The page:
Letter to the Editor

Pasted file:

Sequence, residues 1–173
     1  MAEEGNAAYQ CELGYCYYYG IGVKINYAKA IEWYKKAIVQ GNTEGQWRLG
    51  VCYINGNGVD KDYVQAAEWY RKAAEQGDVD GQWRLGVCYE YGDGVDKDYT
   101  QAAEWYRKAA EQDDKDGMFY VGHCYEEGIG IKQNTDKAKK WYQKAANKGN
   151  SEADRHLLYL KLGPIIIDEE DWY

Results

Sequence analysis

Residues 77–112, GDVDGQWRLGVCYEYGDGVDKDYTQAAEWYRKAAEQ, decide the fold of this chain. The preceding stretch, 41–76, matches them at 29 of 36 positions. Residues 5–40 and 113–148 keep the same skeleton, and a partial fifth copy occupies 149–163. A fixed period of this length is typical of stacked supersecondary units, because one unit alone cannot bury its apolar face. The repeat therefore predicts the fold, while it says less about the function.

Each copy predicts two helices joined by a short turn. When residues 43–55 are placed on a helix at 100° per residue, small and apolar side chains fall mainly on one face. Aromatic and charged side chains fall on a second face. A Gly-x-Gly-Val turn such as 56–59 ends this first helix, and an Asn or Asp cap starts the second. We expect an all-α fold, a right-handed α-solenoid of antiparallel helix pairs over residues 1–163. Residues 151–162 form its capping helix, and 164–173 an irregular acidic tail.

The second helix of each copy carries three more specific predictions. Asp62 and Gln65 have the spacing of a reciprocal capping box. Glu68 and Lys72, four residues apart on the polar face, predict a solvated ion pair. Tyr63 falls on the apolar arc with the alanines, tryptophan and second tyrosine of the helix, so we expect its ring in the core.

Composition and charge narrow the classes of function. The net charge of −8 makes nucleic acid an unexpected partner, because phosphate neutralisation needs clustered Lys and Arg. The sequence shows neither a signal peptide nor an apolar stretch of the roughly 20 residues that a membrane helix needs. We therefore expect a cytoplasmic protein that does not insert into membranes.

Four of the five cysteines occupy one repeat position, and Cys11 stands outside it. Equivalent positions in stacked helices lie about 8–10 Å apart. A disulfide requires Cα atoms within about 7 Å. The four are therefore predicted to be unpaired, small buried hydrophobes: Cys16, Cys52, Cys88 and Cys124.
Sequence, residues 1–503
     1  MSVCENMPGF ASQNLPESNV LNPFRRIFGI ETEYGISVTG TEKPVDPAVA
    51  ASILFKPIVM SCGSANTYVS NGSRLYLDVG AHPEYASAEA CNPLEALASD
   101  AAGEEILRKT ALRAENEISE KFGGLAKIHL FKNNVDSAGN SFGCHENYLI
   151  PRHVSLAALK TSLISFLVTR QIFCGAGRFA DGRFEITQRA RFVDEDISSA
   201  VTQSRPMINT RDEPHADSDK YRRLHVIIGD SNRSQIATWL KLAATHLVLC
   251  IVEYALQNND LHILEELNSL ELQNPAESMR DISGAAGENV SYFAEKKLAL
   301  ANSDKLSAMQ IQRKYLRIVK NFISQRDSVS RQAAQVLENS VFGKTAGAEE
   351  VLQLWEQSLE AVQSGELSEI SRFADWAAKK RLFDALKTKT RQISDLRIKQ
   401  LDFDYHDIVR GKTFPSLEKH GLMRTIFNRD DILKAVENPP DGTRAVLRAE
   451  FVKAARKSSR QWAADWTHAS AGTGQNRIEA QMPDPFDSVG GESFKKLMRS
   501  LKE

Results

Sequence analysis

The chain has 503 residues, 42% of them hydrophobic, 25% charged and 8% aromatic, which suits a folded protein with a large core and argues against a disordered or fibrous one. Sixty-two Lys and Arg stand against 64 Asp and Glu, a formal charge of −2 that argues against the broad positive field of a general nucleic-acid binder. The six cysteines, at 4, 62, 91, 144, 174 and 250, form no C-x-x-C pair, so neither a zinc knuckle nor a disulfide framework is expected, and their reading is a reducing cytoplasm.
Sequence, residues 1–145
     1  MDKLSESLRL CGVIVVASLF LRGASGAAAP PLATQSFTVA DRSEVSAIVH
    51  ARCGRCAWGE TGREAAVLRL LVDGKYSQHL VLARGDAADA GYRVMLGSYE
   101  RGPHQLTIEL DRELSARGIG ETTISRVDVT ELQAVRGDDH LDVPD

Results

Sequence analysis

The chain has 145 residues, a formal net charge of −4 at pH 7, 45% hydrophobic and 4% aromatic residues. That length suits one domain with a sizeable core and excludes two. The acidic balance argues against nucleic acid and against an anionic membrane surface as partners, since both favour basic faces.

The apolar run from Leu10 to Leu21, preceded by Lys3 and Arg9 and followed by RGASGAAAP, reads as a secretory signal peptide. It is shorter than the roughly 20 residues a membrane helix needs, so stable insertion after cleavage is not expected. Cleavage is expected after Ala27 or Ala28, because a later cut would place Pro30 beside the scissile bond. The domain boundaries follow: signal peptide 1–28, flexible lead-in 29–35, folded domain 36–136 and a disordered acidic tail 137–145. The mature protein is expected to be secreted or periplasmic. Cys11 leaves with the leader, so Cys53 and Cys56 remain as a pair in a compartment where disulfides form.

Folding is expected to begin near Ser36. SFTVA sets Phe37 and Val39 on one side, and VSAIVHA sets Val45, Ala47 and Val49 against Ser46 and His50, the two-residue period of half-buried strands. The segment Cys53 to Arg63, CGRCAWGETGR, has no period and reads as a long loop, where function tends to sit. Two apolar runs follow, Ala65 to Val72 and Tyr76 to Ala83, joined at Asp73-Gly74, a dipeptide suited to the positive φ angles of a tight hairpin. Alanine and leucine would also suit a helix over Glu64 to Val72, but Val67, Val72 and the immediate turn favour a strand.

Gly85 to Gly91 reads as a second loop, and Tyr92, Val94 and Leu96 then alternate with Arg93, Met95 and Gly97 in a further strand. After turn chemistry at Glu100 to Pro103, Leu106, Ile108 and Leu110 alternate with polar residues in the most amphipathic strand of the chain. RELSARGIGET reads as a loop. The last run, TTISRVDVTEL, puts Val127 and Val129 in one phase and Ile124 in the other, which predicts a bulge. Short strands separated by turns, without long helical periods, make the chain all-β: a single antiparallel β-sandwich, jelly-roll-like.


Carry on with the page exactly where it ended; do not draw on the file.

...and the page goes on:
Disappointed in Us Your November article on Gene Robinson [“Calm Before the Storm”] portrays him as a man committed to his theology. He may indeed be helpful and an encouragement to people with problems. His own problem, that he divorced and now lives in an openly homosexual relationship, should prevent him from leading his church as a bishop. If he felt concerns about his sexuality, was divorced and remained celibate, he could realistically serve as a bishop. Your article presents him as misunderstood and unappreciated by his church. Understanding and appreciation are up to the Episcopal Church to judge, not New Hampshire Magazine and other lay people. To compare himself to Christ, saying, “Jesus was always in a little trouble,” strikes me as an inappropriate and arrogant assertion. I am disappointed in your magazine. Lois Doskocil Acton, Mass. Ditto This is a letter of concern because you gave so much space in your November 2005 edition for an article regarding Episcopal Bishop Gene Robinson. Of all the beautiful places in New Hampshire to feature, it is a disappointment that someone who has caused so much division and pain should be highlighted in New Hampshire Magazine. We trust that future editions will be more sensitive to the readers. Nancy Pritchard (The letter was co-signed by nine other readers.) Same Here Without question, Gene Robinson is a nice man. There are a lot of very nice people in the world who are just wrong. The foundation of the Gospel of Jesus Christ (which Gene Robinson purports to believe ...) is that we all fall short of God's enormous grace, love and justice. We cannot rewrite Truth, for if we do it is to the very peril of the people we say we love by “accepting” them and their “differences.” If Gene Robinson had left his wife and children for another woman, there would not ever have been a question of his being placed in such a position of authority. But because he left for a man, suddenly it is not just fine, but even noble. There are many, many people in this state who have served Christ faithfully and quietly, including lay people and clergy alike. I am aware you are not a Christian magazine, nor do I expect you to be, but please, do attempt to at least draw in people who represent a meaningfully significant part of the state's population. Susan Sheesley East Kingston A Needed Dialogue I greatly enjoyed Meg Cadoux Hirshberg’s article and John Hession’s pictures of Bishop Gene Robinson. As a practicing Episcopalian who happens to be straight, I felt you captured the true essence of a man whose very nature has called to church those to whom Christ most likely would have reached. These may not be the people who will leave hefty endowments to parishes (you remember that old camel through the eye of the needle passage), but those who need God the most and those that the churches need the most. One other thing that Gene did for those who felt displaced by his ordination and that is his being gay opened a dialogue about our religion and about what it means to be a Christian. Would a heterosexual 60-something white male bishop have generated a similar exploration into one’s beliefs and understanding of Christ? Nah. Paul Lister Bethlehem According to Paul I received a copy of the November issue of New Hampshire Magazine from my family this week. They reside in your beautiful state and I am preparing for a visit with them over the Christmas holidays. The article about Bishop Gene Robinson caught my attention, and I have done some searching in the Bible for New Testament references to the question of homosexuality. Your readers may be interested in reading the Apostle Paul’s words about this condition of the heart of natural man. He speaks quite plainly in Romans 1:26, 27 and I Corinthians 6: 9, 10. May the word of God speak for itself in whatever state we are in. Janet Harville Rutledge, Tenn. The “L” Word Although finding the Newt is the first thing I do when New Hampshire [Magazine] arrives, it’s certainly not the last. I particularly enjoyed the article entitled “Murals for Design and Depth.” What beautiful artwork! We built our house in 2001 and have yet to paint the walls over the carpenter flat white and this article gave me some ideas that I wouldn’t have thought of otherwise. I have to ask (and I’ll admit I’m not good with delicacy), does New Hampshire Magazine consider itself a liberal periodical? I’m sure you realize the reason for my question — the article “Bishop Gene Robinson: Calm Before the Storm.” It appears that New Hampshire [Magazine’s] position on gay preachers is a supportive one. Is this true? Because my position is, very clearly, not a supportive one. Gay men have no place in leadership in our churches, whatever the denomination. I will not be shy about that, and I hope you will be as honest with me as to the magazine’s stance. In the past, I have always enjoyed the articles, recipes and reviews of local businesses that you have featured. Your wine edition has been very helpful as well. Perhaps it would behoove New Hampshire [Magazine] to steer clear of issues that would detract from the pleasant read I, and other “crusty, conservative” New Hampshire-ites, have come to expect. Michele Gilbert Pembroke Editor’s Note: The magazine’s only intentional bias is toward good photography and writing, which we believe were on display in the Bishop Robinson story. We also love to publish well-crafted critiques of our performance, such as your letter. A Lighter Note Diana and I want to compliment you and your staff for the exquisite article, “Christmas at The Fells.” The excellent photography and script certainly allows one to realize the quality of reporting that New Hampshire Magazine has achieved. The coverage also makes the reader feel the excitement and mystique of this “gem on Lake Sunapee.” Thank you, and we invite you to Christmas at The Fells, 2006. Bob Morris, Chairman of the Board, The Fells Diana Morris, Board Member Attention, Jack In response to a recent article [written by Jack Kenny] in the New Hampshire Magazine [Dec. 2005], I am inviting you to a cup of coffee on us. I own a restaurant here in Manchester and our coffee mugs have become our trademark. In comparison to the overpriced thimble-size cup of Joe you got at Dunkin Donuts, we offer a 16 oz. mug for $1.15 plus tax, totaling $1.24. We’ve made our mugs the focus of our slogan, “Get Mugged at Chiggy’s.” Please stop by and see for yourself that our cup of coffee is well worth the price. (Even after the 8 percent meals tax that N.H. applies.) Cindy Kenney Chiggy’s Place, Manchester Spot the Lizard? I just received my November edition of New Hampshire Magazine (great articles about the restaurants!!), and I was curious about the cover art. On my copy, if you look closely at the clam on the plate, there is a stamp of a lizard. It is driving me crazy as to why it is there, is it on all the copies or just our copy? Obviously if you don't know what I am talking about then it must only be on our copy. Just curious and thank you for your time. Elizabeth K. Strachan Dover Editor’s Note: The magazine’s creative director is so fond of the newt (she designed his distinctive logo, below) that she frequently hides one on the cover. She usually does such a good job that it goes undetected, even by the editors. This one stood out a bit more than usual, but you should still be commended for your powers of observation. No prizes are given for finding the cover newt, but you are entitled to bragging rights at any gathering of herptileophiles. Newt Arrival I want to thank you for the terrific N.H. basket that I won from the Spot the Newt contest for the month of November. What a beautiful job of decoration and filled with New Hampshire products! Do appreciate all — again, thank you. Phyllis Noel Barrington